So it is with Razia Sultan aged 31, sent away by her husband and in-laws even though she was cured of TB and carried a doctor's certificate to prove it. She was subsequently given Talaq (Muslim divorce), and landed in the TB hospital ward within a couple of years after she suffered a relapse while caring for her poor and aged parents. Annapurna, Gowri and all the other women in the ward are young women left destitute by their husbands fearing infection. They have similar sad life stories to share and they couldn't care less that their real names are mentioned in this report.
An aged nurse Kausalya, who strictly monitors their drug intake and encourages these inmates to read and chat as a group so that they do not sink into depression, is their only family now. Says Kausalya, "I have seen many women come and go in this ward and often the same women come after suffering a relapse. Mere medicines and rich protein diet will not do the trick to cure these unfortunate victims. People with TB have to be loved and given the emotional support to live and get over their illness, barring which their body automatically loses resistance and they fall sick repeatedly."
Dr. G. Usha MD, Thoracic Medicine, Kasturiba Gandhi Government Hospital for Women says, "TB is curable, provided people take their prescribed medicine regularly along with protein rich diet. Government hospitals provide inpatients with 2-4 eggs, half liter milk, rice, bread, vegetables and 100 grams meat for non vegetarians per person, per day along with medicines. Door to door supply of medicines and reminders through primary health centers are promptly done. In spite of it the stigma attached to TB is still a challenge that doctors confront in TB treatment in these parts of the world."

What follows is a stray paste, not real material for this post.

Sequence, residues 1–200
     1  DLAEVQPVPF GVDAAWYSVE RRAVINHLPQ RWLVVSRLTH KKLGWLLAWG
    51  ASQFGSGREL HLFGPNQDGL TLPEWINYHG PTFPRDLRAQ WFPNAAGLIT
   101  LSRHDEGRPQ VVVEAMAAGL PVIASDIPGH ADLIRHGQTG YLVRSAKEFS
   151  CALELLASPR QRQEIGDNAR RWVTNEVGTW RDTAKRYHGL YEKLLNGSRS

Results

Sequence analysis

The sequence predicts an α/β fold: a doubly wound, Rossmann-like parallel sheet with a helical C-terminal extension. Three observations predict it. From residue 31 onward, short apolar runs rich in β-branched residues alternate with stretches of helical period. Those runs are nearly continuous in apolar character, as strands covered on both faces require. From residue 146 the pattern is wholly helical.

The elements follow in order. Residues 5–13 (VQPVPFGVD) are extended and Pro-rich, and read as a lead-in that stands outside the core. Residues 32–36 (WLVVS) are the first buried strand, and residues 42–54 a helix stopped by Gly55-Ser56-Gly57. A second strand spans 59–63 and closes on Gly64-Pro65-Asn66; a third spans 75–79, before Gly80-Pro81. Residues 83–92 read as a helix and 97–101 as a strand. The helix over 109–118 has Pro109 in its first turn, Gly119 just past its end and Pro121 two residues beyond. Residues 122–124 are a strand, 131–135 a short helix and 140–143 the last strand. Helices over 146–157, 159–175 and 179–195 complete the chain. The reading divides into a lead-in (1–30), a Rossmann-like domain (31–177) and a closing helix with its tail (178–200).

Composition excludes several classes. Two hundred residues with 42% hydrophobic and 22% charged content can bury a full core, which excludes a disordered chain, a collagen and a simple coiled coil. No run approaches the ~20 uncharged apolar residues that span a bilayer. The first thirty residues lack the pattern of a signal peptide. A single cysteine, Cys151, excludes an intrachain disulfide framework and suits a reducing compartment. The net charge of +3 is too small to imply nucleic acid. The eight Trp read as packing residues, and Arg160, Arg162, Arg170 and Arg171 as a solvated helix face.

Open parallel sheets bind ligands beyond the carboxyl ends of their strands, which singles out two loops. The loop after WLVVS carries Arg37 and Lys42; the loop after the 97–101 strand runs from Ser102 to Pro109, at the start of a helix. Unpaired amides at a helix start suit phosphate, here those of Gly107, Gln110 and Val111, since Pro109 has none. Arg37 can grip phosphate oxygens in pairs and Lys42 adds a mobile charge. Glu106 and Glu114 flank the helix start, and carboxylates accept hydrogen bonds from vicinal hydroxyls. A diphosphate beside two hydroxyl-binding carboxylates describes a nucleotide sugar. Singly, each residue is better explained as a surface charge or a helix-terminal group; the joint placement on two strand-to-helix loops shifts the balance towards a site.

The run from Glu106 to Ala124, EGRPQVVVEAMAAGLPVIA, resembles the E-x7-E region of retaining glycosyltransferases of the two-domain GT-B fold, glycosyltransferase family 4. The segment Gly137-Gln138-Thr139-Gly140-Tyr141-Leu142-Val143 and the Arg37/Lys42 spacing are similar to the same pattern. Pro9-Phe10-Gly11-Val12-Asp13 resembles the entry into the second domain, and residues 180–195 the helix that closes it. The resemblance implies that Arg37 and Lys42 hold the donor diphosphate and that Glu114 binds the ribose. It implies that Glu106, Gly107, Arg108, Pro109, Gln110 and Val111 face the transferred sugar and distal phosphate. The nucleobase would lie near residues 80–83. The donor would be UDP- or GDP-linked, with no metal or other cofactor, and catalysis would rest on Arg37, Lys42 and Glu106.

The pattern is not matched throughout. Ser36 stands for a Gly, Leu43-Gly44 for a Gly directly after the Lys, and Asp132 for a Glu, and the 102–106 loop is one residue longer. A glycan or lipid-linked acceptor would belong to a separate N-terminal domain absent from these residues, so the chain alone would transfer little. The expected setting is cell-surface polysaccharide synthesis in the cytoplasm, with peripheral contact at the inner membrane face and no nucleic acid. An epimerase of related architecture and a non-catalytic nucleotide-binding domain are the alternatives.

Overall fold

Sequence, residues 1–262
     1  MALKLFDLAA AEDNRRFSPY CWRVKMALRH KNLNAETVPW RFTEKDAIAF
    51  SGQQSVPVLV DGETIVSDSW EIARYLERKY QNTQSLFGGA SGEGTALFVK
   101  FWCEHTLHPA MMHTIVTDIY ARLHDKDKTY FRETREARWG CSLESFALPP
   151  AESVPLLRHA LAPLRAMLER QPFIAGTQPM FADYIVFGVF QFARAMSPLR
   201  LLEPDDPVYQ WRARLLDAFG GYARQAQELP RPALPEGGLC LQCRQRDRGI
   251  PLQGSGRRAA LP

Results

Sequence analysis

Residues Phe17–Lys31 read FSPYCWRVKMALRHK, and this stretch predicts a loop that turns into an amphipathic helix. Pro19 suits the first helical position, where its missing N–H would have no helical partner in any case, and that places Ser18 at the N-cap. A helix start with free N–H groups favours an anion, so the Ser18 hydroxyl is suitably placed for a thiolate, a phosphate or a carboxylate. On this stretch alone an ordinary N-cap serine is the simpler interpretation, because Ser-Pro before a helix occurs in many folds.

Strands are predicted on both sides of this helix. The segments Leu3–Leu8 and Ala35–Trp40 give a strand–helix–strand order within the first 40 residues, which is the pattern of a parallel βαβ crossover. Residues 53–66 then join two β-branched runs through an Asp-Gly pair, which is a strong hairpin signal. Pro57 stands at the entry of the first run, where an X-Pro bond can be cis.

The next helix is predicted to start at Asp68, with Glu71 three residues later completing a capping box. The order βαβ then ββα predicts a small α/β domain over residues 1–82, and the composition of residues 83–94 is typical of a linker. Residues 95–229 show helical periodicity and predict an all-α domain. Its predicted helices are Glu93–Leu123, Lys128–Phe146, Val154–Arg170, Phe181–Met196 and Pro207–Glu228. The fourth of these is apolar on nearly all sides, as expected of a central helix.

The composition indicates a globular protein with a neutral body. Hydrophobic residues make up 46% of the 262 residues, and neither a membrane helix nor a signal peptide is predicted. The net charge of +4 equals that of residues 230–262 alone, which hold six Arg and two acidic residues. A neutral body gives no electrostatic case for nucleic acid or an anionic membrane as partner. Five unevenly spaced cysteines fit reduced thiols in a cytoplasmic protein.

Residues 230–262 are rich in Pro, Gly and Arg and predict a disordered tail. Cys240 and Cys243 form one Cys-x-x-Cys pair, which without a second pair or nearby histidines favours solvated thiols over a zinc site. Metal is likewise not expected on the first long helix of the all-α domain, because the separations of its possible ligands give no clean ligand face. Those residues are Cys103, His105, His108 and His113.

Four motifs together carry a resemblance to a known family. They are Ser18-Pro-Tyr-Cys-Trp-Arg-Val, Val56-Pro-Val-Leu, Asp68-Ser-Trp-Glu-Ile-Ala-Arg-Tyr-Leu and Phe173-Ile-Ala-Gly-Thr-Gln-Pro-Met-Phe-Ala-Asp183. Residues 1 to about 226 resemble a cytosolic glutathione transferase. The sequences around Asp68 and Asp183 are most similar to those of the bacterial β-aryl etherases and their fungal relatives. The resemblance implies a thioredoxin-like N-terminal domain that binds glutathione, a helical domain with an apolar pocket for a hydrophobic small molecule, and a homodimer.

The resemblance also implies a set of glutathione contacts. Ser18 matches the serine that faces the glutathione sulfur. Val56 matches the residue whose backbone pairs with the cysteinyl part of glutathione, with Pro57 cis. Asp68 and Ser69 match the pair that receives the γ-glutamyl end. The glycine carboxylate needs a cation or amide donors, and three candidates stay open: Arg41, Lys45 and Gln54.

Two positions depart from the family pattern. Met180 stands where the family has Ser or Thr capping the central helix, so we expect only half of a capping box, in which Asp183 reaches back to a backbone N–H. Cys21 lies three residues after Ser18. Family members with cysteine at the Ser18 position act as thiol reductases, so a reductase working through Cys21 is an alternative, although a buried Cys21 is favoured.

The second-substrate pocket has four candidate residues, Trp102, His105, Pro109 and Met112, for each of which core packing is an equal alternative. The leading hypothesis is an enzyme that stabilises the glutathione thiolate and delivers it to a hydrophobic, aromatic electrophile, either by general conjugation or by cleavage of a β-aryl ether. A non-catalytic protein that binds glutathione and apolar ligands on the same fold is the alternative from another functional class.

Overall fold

Said Dr. Usha, "Directly Observed Therapy Short-course (DOTS) is found to be successful in curing male TB patients because their womenfolk ensure that the men take medicine regularly and get cured. DOTS efforts are negated at the patient end in the case of female patients, especially in the lower income group because no one is so keen on monitoring their daily medicine intake and women who are set aside by their spouses just don't have the will to go on - with their treatment, or with their lives. The situation is worse in rural areas and tertiary and peripheral centers where education and awareness of the disease is lower and a lot of superstition drives people away from seeking medical treatment for TB."
Women don't have a problem saying they have malaria or chikungunya, asthma or high blood pressure and diabetes for that matter—it is even fashionable to say so. But the infectious nature of TB and the social stigma attached to it frighten women from approaching a doctor in the initial stages when it is easier to cure the disease. They rarely seek medical help until TB is in a very advanced stage and it takes longer and more intensive medical treatment for a cure. Women power takes a nosedive in the case of women TB patients seeking cure from tuberculosis and a trip to the TB ward at the Kasturiba Women's Government Hospital proves that more than medicine and nutritious food, tons of love and a caring family is what takes to completely cure women of tuberculosis.